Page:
EA SCOUT the last line of defense for buying on Steam's Early Access
by Matt Porter
previewed on PC
I always like it when a Rogue-like game lets you keep something after you die. Traditionally, when you die, you lose all of your progress, any items, abilities or levels you had, and you have to start all over again from scratch. Sunken is billed as a hardcore game, and when you die you do indeed have to start all over again. However, at least it lets you keep something.
Interestingly, itís not your items or levels you get to keep, itís your abilities. So, you might get pretty far in the game and unlock some powerful spells and skills, and youíll get to keep them when you inevitably have to restart. The first few levels ease you in, with hack and slash gameplay against basic enemies, culminating with a boss battle. It isnít long before the difficulty spikes and youíll have to do more than simply running up to enemies and bashing them with your weapon.
Doing some crafting
Rather than picking a class, youíll spend attribute points as you level up and become the character you want to be. Choosing between strength, agility, intelligence, and defense will determine how youíre going to be playing the game. Sunken is in Early Access on Steam right now, so everything is subject to change, but for the moment speccing towards a more melee combat oriented character seems to make things fairly boring. The better abilities cost more mana to use, and without intelligence to back them up, you wonít be using them very often. Without abilities, youíre just pointing and clicking to kill your foes.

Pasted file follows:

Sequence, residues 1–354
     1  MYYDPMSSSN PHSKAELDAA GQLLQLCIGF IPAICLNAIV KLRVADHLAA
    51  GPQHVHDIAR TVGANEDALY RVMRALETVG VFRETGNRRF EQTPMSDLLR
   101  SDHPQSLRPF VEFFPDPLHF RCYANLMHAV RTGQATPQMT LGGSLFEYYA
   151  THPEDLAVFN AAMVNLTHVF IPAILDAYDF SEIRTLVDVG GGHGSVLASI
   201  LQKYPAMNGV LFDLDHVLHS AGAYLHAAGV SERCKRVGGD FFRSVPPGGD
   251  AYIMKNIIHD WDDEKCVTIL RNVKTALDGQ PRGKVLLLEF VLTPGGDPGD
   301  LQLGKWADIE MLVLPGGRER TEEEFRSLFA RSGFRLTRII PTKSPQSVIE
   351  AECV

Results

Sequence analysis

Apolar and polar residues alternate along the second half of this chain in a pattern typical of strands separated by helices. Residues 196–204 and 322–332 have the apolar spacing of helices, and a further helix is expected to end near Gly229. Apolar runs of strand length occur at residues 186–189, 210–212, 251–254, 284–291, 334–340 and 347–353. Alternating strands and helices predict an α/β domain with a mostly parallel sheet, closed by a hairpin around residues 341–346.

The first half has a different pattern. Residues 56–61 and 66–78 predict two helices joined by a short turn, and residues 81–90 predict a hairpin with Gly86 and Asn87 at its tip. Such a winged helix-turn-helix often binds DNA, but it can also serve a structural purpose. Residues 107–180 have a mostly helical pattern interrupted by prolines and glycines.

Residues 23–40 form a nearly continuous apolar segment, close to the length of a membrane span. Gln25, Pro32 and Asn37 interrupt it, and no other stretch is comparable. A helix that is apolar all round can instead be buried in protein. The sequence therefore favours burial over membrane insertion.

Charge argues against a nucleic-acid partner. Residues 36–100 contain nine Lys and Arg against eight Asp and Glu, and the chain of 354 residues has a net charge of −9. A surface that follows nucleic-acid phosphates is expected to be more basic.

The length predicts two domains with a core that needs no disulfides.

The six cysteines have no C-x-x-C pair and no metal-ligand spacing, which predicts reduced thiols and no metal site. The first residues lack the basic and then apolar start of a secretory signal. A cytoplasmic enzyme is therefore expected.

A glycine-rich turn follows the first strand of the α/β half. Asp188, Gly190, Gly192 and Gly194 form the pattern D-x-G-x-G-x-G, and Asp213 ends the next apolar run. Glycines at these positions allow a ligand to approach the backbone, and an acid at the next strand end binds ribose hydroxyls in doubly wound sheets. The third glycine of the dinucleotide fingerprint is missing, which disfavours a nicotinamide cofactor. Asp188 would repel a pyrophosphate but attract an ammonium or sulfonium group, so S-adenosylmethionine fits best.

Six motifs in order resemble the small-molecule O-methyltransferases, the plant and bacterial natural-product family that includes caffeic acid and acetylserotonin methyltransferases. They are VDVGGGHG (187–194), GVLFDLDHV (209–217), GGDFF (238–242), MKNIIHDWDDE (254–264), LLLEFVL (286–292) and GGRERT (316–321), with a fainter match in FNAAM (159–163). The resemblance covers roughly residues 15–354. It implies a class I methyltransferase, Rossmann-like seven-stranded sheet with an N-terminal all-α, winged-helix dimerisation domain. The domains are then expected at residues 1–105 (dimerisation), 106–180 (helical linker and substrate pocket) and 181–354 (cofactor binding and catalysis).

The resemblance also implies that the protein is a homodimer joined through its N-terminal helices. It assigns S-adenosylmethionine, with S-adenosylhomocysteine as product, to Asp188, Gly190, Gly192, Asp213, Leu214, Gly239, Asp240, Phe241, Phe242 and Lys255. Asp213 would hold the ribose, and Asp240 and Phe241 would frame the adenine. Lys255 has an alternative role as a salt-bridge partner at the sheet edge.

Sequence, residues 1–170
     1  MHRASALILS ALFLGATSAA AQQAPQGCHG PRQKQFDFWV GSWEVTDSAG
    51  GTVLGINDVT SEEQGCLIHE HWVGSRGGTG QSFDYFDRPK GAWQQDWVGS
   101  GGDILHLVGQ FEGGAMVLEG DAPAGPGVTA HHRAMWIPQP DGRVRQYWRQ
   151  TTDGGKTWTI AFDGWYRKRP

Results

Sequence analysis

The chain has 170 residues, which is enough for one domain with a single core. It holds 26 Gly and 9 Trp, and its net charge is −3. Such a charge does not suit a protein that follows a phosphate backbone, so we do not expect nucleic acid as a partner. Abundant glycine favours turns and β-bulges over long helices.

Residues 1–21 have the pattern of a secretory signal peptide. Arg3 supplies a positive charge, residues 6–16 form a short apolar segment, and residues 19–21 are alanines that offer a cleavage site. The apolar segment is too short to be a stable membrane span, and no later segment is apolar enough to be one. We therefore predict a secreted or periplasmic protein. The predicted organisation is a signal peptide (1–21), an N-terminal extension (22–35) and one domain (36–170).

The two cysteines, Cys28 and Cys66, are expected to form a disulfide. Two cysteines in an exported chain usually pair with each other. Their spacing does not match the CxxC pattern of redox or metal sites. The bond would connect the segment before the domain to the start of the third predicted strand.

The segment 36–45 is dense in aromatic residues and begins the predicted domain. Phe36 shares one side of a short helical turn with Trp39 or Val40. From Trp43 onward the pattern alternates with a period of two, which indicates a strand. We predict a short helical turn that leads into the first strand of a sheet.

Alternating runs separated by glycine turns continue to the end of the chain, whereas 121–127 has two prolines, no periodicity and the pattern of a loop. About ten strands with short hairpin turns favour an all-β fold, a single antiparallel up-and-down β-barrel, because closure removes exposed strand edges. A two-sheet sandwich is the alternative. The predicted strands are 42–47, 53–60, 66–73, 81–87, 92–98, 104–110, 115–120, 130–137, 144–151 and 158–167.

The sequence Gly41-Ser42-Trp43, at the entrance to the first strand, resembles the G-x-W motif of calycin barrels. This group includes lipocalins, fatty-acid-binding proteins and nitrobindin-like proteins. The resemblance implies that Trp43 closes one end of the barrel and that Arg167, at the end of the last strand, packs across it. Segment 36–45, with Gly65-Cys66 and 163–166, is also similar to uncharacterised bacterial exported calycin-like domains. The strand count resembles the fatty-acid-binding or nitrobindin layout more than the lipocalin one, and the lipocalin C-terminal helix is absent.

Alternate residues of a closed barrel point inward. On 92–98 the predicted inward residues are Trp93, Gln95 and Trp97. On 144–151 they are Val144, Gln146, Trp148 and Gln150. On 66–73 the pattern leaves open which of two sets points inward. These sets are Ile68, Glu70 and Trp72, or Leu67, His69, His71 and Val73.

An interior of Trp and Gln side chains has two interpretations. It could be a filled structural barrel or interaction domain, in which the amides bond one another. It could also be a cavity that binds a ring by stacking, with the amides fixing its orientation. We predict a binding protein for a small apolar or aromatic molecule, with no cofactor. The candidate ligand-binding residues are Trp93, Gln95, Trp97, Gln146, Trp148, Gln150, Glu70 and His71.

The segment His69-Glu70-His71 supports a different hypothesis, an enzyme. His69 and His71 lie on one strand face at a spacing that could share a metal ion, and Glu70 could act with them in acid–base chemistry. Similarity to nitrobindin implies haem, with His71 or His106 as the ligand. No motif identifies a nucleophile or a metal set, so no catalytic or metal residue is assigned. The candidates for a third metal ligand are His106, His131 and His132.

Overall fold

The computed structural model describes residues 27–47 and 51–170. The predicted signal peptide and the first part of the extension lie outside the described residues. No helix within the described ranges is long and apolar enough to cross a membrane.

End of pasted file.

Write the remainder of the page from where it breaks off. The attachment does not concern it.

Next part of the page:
The high mana costs of some of the abilities make keeping them when you die fairly meaningless. Itís all well and good having your ice lance ability right from the start, but with your lack of intelligence youíll barely have a chance to use it before resorting to the old sword and board. One interesting factor is that abilities are ďcraftedĒ rather than acquired or learned. Why this is the case, Iím not sure, and it just seems like an unnecessary extra step you have to take before unlocking useful spells. In addition, you have to actually find the anvil in each level, and itís usually in completely the opposite direction that you have to go.
Swing and a miss
As for the act of actually swinging a sword at the moment, it feels fine, although it lacks a sense of impact. This is in part due to the weird nature, or complete lack of sound effects in some places. Early on I picked up an axe and it sounded like I was just swinging at nothing while I was driving it into skeletons. Equally, the skeletons were hitting me but making no noise at all. A skeletal mage flinging fire at me eventually did give me some indication that I wasnít in a vacuum. There is a bit of voice acting that you get to listen to when you find stone tablets and books throughout each level which add a little bit to the narrative. Right now though, it isnít great.
The loot you receive is randomised, and the enemies are supposed to be as well, although I didnít see a great deal of variation in my time with Sunken. The levels themselves are identical each time through, which in a modern Rogue-like seems like an oversight. If Iím going to die and see the same environments time after time, itís going to get boring fairly quickly.
Sunken isnít a finished product, yet, and there are some unique ideas in there so Iím not going to dismiss it too early. Itís got some odd design choices, and itís missing a few features here and there, but for an early build of a game thatís only built by two people, itís not bad. I wouldnít advise spending money on it at the moment, but further down the road, it might be worth taking a look at Sunken to see if it improves. It probably wonít be beating out the likes of Diablo in terms of its gameplay, but it could be an interesting alternative.
The game has potential, but we're not ready to jump in with both feet. If the game interests you, look, but don't touch - yet.